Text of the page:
GOP senators push for hearings after Russia downs US drone
EXCLUSIVE: Several Republican senators are calling on Congress to exercise its oversight authority after a Russian fighter jet downed a U.S. drone over international waters earlier this week – an incident that has many worried about more direct conflict between the two superpowers as the Ukraine war enters its second year.
“We need a hearing on it. We’ve asked the Pentagon for hearing, of course, they’re probably a little bit busy right now,” Sen. Tommy Tuberville, R-Ala., a member of the Armed Services Committee, told Fox News Digital this week.
When asked if he was concerned about Russian officials’ announcement that Moscow will try to retrieve the debris, Tuberville said, “Yeah, we should all be.”
“The problem I have is… where it happened and why it happened. I mean… those questions need to be answered,” the Alabama lawmaker said. “Very concerning that, number one, why were we there? And we say international waters, which is fine, but… we do have a war going on over there, we’ve got to be very careful.”
Tuberville’s office clarified to Fox News Digital on Thursday that the senator was calling for a hearing in his own personal capacity and had reached out to the Pentagon for more details on the crash, but that they were not aware of one being planned. A Senate Armed Services aide confirmed, “The committee does not have plans for a hearing at this time.”
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Committee Chair Sen. Jack Reed, D-R.I., told Fox News Digital that it is “certainly a concern” that Russia is attempting to retrieve the debris.
Sen. Bill Hagerty, R-Tenn., a member of the Foreign Relations Committee, also indicated support for hearings by telling Fox News Digital that Moscow officials need to know that American lawmakers “intend to exert oversight” on the incident.
U.S. officials released video of the incident on Thursday, which occurred on March 14, after Moscow denied that its planes were responsible for the drone’s demise. The video shows two Russian Su-27 jets and a U.S. MQ-9 Reaper drone flying over the Black Sea, when one of the jets appears to fly dangerously close to the unmanned aircraft before dumping jet fuel on it.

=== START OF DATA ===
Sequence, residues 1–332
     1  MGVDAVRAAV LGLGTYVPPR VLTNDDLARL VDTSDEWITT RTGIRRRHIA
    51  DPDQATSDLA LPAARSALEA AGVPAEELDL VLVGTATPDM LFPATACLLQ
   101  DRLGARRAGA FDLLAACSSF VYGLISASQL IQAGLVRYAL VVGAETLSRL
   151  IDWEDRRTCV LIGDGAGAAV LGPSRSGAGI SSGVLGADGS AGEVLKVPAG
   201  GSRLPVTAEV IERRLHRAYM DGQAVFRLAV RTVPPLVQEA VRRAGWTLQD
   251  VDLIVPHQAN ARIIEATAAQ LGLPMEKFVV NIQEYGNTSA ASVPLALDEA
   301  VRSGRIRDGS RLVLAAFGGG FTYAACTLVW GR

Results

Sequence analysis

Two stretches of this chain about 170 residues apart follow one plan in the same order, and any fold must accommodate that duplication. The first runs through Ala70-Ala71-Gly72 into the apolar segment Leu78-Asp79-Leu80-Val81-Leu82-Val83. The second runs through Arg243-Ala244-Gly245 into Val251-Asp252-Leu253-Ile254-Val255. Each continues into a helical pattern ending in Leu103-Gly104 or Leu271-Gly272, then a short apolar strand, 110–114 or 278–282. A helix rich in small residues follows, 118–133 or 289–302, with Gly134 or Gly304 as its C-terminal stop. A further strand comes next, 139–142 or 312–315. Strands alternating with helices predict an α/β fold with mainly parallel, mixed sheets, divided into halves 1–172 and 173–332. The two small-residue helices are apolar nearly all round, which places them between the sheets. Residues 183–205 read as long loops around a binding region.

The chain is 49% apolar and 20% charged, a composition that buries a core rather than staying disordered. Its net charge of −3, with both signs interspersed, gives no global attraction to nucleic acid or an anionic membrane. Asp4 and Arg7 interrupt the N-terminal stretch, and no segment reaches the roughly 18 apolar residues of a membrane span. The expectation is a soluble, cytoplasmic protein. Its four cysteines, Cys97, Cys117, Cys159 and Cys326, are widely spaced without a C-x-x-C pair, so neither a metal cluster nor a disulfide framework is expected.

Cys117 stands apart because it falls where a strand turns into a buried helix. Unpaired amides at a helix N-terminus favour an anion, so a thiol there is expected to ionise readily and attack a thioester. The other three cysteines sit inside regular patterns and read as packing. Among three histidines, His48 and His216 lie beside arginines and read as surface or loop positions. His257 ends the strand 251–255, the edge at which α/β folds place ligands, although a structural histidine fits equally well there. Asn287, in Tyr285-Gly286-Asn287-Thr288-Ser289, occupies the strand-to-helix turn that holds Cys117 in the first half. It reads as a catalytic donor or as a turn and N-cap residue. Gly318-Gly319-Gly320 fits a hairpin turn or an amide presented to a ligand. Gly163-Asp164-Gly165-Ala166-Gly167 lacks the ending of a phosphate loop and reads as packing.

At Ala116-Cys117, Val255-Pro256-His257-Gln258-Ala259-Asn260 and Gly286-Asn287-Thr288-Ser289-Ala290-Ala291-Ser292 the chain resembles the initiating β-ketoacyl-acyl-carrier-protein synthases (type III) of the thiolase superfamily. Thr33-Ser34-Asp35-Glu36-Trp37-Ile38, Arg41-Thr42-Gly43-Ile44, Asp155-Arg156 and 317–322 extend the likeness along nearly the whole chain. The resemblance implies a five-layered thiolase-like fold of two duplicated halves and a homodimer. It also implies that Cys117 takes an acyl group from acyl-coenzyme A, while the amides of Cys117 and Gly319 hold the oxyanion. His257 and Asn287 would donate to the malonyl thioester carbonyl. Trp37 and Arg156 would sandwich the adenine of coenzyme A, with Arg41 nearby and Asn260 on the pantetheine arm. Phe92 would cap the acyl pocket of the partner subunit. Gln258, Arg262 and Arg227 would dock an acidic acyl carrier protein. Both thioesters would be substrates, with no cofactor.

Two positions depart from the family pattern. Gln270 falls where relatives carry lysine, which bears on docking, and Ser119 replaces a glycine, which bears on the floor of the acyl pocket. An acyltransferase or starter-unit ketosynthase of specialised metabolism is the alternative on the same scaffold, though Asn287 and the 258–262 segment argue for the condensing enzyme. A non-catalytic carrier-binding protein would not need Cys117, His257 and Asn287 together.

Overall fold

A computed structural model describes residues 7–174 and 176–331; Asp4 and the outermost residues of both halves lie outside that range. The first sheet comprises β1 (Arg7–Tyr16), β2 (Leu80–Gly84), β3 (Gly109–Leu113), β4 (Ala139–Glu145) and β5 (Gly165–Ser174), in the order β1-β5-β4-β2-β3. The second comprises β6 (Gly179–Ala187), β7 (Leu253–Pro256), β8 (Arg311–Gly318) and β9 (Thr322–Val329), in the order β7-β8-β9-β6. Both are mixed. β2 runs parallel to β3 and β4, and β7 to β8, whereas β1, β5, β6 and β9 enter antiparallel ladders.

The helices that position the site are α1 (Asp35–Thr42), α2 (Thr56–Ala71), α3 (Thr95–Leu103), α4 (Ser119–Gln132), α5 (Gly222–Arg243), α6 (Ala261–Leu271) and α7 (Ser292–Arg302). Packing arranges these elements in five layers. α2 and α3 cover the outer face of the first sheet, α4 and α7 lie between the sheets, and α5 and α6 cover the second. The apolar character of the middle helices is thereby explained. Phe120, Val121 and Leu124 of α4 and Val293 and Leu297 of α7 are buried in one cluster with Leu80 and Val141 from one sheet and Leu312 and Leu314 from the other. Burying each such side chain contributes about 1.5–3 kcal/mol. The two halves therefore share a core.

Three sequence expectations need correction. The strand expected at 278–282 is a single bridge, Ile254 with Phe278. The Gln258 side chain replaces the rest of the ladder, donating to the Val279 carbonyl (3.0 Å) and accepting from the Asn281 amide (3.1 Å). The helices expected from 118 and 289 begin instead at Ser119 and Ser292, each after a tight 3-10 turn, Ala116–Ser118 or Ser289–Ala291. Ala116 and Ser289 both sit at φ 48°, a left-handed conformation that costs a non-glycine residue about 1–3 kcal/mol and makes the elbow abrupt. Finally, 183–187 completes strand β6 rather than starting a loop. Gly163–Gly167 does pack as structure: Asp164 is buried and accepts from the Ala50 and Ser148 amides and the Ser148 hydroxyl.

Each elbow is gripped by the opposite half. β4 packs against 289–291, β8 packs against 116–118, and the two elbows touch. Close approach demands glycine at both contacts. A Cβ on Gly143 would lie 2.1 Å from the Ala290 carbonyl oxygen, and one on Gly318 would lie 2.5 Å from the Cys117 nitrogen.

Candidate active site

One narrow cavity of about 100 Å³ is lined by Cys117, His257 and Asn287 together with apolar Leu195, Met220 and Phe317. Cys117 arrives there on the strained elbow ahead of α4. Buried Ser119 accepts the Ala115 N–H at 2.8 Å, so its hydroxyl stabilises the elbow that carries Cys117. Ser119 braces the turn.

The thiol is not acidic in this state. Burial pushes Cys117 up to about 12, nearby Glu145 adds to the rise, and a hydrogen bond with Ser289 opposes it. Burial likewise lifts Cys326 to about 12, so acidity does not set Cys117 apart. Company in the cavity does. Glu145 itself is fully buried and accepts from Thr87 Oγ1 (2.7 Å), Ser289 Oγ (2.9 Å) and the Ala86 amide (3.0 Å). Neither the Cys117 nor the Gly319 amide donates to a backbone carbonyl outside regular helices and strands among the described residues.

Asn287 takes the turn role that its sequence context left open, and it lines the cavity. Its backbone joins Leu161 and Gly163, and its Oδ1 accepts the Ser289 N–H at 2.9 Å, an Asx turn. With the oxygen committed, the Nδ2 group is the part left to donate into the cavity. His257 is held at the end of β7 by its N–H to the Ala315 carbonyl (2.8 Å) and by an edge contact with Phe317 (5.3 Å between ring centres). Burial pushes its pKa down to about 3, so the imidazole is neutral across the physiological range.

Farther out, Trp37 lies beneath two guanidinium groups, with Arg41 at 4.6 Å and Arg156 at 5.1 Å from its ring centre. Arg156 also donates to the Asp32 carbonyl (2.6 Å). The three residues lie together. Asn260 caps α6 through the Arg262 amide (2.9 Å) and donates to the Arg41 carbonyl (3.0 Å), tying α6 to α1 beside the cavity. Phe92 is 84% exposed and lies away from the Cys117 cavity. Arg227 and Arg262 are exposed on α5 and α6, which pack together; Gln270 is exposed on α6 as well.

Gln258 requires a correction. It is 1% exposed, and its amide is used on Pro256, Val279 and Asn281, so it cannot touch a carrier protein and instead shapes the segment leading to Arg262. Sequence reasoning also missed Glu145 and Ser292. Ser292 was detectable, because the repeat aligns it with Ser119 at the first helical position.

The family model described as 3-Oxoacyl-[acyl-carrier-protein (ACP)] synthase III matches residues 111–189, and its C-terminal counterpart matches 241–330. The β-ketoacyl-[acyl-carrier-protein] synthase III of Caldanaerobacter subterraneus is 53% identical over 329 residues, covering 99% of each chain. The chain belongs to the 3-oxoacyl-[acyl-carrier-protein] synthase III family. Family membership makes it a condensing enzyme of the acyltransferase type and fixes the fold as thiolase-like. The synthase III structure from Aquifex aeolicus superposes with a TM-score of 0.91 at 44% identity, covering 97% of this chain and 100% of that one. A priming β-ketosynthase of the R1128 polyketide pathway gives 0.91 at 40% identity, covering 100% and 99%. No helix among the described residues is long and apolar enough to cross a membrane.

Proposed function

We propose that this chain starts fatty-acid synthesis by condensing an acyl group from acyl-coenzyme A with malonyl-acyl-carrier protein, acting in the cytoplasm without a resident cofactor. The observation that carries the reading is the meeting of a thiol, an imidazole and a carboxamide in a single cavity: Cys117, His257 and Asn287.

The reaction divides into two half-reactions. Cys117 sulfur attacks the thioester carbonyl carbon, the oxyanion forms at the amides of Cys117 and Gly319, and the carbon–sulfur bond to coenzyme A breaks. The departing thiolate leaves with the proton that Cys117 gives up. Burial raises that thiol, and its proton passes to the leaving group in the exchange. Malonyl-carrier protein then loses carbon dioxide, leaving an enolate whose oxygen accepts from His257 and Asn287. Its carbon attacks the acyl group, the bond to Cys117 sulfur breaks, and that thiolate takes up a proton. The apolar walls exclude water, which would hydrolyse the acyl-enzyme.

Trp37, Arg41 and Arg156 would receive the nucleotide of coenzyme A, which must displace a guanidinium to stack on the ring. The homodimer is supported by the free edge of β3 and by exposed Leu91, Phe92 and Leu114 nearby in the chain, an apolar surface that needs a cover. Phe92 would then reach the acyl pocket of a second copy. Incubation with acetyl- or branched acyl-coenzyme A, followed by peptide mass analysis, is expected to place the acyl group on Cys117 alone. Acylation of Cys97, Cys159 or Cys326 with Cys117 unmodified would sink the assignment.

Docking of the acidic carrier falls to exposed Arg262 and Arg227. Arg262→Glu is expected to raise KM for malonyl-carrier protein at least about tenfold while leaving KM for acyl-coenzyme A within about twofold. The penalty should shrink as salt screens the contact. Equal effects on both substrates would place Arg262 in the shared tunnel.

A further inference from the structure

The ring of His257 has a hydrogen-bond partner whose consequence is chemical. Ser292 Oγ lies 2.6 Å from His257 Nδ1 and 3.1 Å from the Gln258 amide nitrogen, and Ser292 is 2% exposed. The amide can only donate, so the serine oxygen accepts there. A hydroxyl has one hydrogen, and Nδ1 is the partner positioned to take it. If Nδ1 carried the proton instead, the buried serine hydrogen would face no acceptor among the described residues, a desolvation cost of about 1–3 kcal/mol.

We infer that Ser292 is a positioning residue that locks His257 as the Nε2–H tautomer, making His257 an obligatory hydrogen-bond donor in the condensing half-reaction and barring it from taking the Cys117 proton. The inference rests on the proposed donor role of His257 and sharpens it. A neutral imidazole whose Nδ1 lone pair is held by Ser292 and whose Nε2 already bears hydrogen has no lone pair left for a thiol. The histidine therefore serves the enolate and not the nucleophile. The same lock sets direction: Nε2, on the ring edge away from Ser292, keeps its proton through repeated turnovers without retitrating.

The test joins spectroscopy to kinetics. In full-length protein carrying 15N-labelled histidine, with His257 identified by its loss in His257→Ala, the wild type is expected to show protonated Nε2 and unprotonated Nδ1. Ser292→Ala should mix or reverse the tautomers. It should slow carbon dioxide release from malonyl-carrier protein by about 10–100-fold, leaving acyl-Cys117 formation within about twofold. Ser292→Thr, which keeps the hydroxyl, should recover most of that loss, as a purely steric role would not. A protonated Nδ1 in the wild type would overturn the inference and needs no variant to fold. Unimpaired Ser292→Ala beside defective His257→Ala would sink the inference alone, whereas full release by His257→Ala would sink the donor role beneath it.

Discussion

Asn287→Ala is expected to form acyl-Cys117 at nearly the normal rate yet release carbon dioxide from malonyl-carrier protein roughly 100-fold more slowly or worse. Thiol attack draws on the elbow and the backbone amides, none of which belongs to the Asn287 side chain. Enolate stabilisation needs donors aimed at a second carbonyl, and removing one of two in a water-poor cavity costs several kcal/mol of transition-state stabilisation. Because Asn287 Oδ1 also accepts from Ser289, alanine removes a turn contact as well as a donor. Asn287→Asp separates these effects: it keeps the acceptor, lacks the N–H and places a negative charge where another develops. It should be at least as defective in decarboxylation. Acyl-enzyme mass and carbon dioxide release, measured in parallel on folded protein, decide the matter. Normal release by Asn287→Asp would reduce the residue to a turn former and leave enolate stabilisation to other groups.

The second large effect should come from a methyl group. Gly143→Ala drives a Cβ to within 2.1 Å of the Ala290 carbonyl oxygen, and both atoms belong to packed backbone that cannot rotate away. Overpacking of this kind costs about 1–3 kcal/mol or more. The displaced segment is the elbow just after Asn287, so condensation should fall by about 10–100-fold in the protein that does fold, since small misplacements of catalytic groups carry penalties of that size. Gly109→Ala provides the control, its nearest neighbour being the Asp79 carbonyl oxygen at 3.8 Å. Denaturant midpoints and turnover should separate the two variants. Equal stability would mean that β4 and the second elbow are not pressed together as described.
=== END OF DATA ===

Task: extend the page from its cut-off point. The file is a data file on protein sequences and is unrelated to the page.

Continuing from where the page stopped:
A Thursday statement from U.S. European Command read, “Russian Su-27s dumped fuel upon and struck the propeller of the MQ-9, causing U.S. forces to have to bring the MQ-9 down in international waters.” Pentagon press secretary Pat Ryder called the Russian pilots’ actions “unsafe” and “unprofessional,” but that it was also “highly unlikely” that Moscow would glean anything useful from the drone debris.
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Russia has, in turn, accused the U.S. of flying its drone provocatively close to its borders, but insisted it crashed without any collision with Moscow’s jets.
“I think that from a congressional perspective, the Russians need to know that we intend to exert oversight on the situation to make certain that America’s interests are advanced at every turn. I don’t think any of my colleagues intend to tolerate this sort of behavior on behalf of Russia, and that we take… this act extremely seriously,” Hagerty told Fox News Digital.
Hagerty, who was U.S. ambassador to Japan during the Trump administration, also said it was “extremely concerning” that Russia intends to recover the drone’s debris. U.S. officials have said that mounting their own recovery would be very difficult given the deep waters where it crashed.
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“This is top drawer U.S. technology that’s been downed there… this is not a partisan comment. I think everybody here is quite upset about what has taken place, and the aggressive posture that Russia has assumed, I think, should be condemned by us in the strong fashion that’s possible,” Hagerty said, adding that he was displeased with the Pentagon’s “tepid” response.
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Fox News Digital did not hear back from the Senate Foreign Relations Committee on whether a hearing was being planned. However, one senior Democrat on the committee, Sen. Ben Cardin, D-Md., agreed that Congress needs to send a message to Russia.
“We have to make it clear that we will not be bullied, that we will protect our national security interests, but we have no interest in escalating the conflict,” he told Fox News Digital.